Old 01-23-2009, 06:06 PM
The Boy in the Striped Pyjamas

The Boy in the Striped Pyjamas (2008)

The world can appear to be so bright and vibrant through a child's eyes. Everything is still so fresh and new as they explore it. Something terrible could be going on right under their nose and they might not even realize it, at least, not until it is too late.

Eight-year-old Bruno (Asa Butterfield) and his family have recently moved to the countryside from Berlin due to his father (David Thewlis) receiving a promotion. Bruno's father just happens to be an official in the Nazi army of Germany during World War II. Their new home places them within walking distance of a concentration camp that is supposedly part of Bruno's father's work. While exploring the backyard, Bruno comes upon the camp and meets one of its inhabitants, a young boy named Shmuel (Jack Scanlon) who is also eight years old. They strike up an unlikely friendship as Bruno tries to figure out what the camp is for.

The main reason that this film works is that it is told mostly from Bruno's point of view. This could have easily turned into another movie about the Holocaust, but it takes this unique route instead. We already know what is going on, but we watch with fascination as Bruno tries to discover the purpose of the camp. He discovers it first when he looks out of his bedroom window. He thinks it is simply a farm, but is confused as to why everyone is wearing pajamas.

One of the first questions that Bruno asks Shmuel is about the pajamas. His answer? Everyone has them, and a number. He doesn't say why, they just do. In Bruno's childish mind he thinks it is some kind of game. Neither of these children know the true purpose of the camps. Shmuel tells us that his grandparents were taken to a hospital as soon as they arrived, but he has not seen them. His child-like ignorance has saved him from the horrifying truth.

Meanwhile, a tutor has come to teach Bruno and his sister. They are to learn what every other German child learns about; the evil of Jews and how they caused Germany to lose World War I, and other such horrible bigotry and racist teachings. Bruno's father wants his children to be like everyone else. He wants them to grow up believing that this is all for the fatherland. This only leads Bruno to further confusion as he continues his meetings with Shmuel. At one point, his tutor tells him, "If you ever found a nice Jew, you would be the best explorer in the world." Bruno has already realized that his tutor's teachings are completely untrue.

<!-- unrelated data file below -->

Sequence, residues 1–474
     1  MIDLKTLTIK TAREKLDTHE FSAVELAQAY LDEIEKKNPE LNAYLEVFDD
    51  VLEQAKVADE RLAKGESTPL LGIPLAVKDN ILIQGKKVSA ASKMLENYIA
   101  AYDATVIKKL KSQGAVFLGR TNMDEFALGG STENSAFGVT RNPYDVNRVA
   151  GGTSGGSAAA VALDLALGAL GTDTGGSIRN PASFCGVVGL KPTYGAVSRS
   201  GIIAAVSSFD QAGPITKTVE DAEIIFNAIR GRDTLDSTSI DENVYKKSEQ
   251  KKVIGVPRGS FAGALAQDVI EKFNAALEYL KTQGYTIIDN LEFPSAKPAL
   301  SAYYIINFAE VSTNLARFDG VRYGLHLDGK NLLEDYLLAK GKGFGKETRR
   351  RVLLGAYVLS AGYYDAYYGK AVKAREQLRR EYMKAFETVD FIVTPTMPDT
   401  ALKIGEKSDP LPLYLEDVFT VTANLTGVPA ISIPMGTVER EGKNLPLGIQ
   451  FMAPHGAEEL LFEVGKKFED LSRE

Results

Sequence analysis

The film effectively switches to the mother's point of view briefly as she discovers exactly what is going on in the camp. She and Bruno have both noticed the smoke coming from the stacks in the camp, but are not able to tell what is being burned. One of the soldiers lets a comment slip, thinking Bruno's mother knows. From here on, her view of her husband’s work is nothing but disgust. She has realized the truth, but how long will it take young Bruno?

When Bruno's father and other soldiers are watching a film about the camps, Bruno watches it in secret through a window. It is nothing more than a propaganda film trying to give a positive picture of the camps, that tells such lies as how the inhabitants love to play sports, how well they are fed because of the cafe, and how they are allowed to pursue almost any hobby they wish. To an eight year old, this propaganda film may be sufficient proof, but to the rest of us, it is revolting.

The main problem of this film lies in its ending. It is an emotionally powerful ending that didn't seem like it fit well with the rest of the film. Granted, eight year olds are ignorant in many areas and Bruno could have been heavily influenced by the propaganda film, but even he should have known that what he was doing was foolish and incredibly stupid. What had been an interesting film up to that point ended up slipping away into an ending that became way too predictable and easily avoidable.

Despite the flawed ending, director Mark Herman has given us an interesting film from an interesting perspective. Bruno had known that his father was a soldier and that now he was becoming a "more important soldier." He had never really known anything about his father's work or what was happening in Germany while he was living in Berlin. Sometimes even war cannot penetrate a child's innocence until they are face-to-face with it. 3/4 stars.

Last edited by Hal2001; 01-23-2009 at 06:30 PM..
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